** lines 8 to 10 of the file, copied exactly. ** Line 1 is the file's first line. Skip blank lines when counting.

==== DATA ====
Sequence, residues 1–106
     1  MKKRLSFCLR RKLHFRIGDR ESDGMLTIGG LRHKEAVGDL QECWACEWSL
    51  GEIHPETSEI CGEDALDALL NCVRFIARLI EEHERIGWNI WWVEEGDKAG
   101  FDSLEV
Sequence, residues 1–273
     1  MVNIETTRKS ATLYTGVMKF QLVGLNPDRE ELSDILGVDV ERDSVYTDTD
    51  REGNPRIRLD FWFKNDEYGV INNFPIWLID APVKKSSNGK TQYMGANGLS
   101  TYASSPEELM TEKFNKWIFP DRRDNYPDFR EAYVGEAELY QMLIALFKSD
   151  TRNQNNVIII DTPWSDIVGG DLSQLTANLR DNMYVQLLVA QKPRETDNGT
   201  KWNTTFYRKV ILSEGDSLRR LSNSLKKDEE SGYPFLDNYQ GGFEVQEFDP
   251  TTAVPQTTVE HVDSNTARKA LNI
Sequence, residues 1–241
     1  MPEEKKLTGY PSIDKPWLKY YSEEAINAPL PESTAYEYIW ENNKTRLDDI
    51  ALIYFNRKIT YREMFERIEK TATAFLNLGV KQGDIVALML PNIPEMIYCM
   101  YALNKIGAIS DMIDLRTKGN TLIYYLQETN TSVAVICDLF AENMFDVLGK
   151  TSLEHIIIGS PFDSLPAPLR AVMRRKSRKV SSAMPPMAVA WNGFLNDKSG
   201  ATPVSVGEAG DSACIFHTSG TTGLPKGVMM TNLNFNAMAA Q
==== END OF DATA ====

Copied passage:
   101  TYASSPEELM TEKFNKWIFP DRRDNYPDFR EAYVGEAELY QMLIALFKSD
   151  TRNQNNVIII DTPWSDIVGG DLSQLTANLR DNMYVQLLVA QKPRETDNGT
   201  KWNTTFYRKV ILSEGDSLRR LSNSLKKDEE SGYPFLDNYQ GGFEVQEFDP